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My Marathon Journey takes me to the Czech Republic

Lumos voices

My Marathon Journey takes me to the Czech Republic

There are only a few days to go before the London Marathon and from this point on it is ‘recovery’ before the race: short training runs combined with strength and conditioning work for my poor knees!

I wrote in my previous blog that the training has been tougher than I thought it would be. However, I have been keeping Lumos’ mission clear in my mind to motivate myself. Remembering the cause can be particularly difficult after 18.9 miles, but a quick reminder of WHY you are running is a great way to keep you motivated when your legs really (really) want to stop.

Two weeks ago, my role took me over to the Czech Republic, where there are currently over 9,000 children living in institutions. At least 98% of them have one living parent (see the estimated number of children in orphanages in our 'Global Numbers' factsheet here).

While I was there, I joined our Child Participation Team at a school in Chrudim, a town about an hour and a half by train from Prague. Here Lumos have been running interactive sessions in schools to teach children about the effects of institutionalisation, recording their perceptions of it and how learning about it made them feel.

I can honestly say I was overwhelmed with the response we received from the children. It was incredible to hear how articulate and thoughtful a group of 12 year olds could be, when the subject was so far away from anything they had experienced. Most of the children knew few other children with disabilities and had very little contact with children from institutions in the community.

One boy in the class remarked very early in the session that “a lot of people don’t think about how important the family is”, a sentiment that the whole class (and Lumos team) agreed with.

We heard from a care-leaver who gave the young-people in the class some insight in to what life was like living in an institution in the Czech Republic. She spoke about the lack of privacy she had, having to construct a make-shift ‘room’ in a dorm she shared with others to ensure she had some private space.

She spoke of her time in the ‘Diagnostic Centre’, a placement where children spend 3-6 months before being moved in to an institution. When at the centre she had simple things that most teenagers in Europe have access to taken away from her, such as a mobile phone, make-up and the internet. At the institution, she was given a daily programme to follow, and was only allowed out for a walk in the community for two hours a week (with a possible extension for good behaviour).

Perhaps the most upsetting part of her story for me was that she was needlessly separated from sharing a room with her siblings at a young age, because it was ’policy’ at the institution. This is just one example of how an institutional environment cannot accommodate the very simple wants and needs of an individual child, depriving this girl of any small sense of family she might have been able to keep.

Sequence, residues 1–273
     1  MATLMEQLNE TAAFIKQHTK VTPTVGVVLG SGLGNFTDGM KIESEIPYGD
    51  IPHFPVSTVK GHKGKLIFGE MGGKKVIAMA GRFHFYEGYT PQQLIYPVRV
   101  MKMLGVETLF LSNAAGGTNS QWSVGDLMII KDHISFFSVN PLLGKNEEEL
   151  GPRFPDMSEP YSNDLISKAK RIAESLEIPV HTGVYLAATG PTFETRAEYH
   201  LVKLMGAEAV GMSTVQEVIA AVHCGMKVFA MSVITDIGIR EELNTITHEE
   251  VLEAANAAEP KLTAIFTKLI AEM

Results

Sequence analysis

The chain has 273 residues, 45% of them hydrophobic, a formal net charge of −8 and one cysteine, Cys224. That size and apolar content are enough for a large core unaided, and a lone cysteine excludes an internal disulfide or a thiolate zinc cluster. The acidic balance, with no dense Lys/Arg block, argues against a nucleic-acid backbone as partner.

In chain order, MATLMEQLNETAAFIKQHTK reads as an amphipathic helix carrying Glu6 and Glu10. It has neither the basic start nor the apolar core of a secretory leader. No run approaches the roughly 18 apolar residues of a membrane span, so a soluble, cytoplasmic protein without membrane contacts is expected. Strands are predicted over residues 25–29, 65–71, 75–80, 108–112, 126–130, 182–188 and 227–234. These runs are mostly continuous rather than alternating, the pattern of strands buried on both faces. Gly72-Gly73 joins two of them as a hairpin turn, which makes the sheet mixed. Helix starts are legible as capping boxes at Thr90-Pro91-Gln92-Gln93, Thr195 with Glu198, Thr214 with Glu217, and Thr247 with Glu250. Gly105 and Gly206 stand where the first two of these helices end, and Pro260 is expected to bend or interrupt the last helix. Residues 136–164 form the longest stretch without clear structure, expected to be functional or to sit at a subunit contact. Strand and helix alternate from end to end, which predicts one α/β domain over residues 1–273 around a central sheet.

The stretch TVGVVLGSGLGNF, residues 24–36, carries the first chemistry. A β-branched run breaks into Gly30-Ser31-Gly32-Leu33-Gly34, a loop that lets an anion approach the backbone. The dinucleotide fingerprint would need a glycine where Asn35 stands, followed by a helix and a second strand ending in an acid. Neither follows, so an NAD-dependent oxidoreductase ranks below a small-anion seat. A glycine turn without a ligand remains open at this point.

She left the second session just after her speech because she had to get to work, and I am pleased to say that her life now is very different. She is an adult with a home, a job and a partner. She has been given great support from an NGO that helps care-leavers gain employment after leaving institutions.

Her story seems as if it has ended well.

However, she tells that group that her relationship with her mother is very distant, insisting that she “doesn’t need her”. The difficulties she faced throughout her time at the institution are obviously still very present.

I left the Czech Republic feeling inspired about Lumos’ work and how they are directly changing lives and teaching a better way to care for children in country, whilst also teaching the negative impacts of institutionalisation to the younger (future) generation. But I also left wondering how different the life-stories of 9,000 children in the Czech Republic could be if they and their families had access to proper community-care services.

I think I’ll make a mental note to think about my experience with the team on mile 19 of the race - and even if my knees do continue to hate me, I’ll keep on going for children who could be reunited with their families, if they were given the right support.

If you would like to fundraise for Lumos, or indeed want a full rundown of my training plan, you can email the fundraising team at with your idea. We would love to hear from you.

Fundraising update: I’ve now made 122% of my target and have raised £2,451.00 for Lumos. Hooray! Thanks for the support so far.

(I put a few of the images of my run up on Lumos’ Instagram here if you would like to see London’s River Thames in all its glory).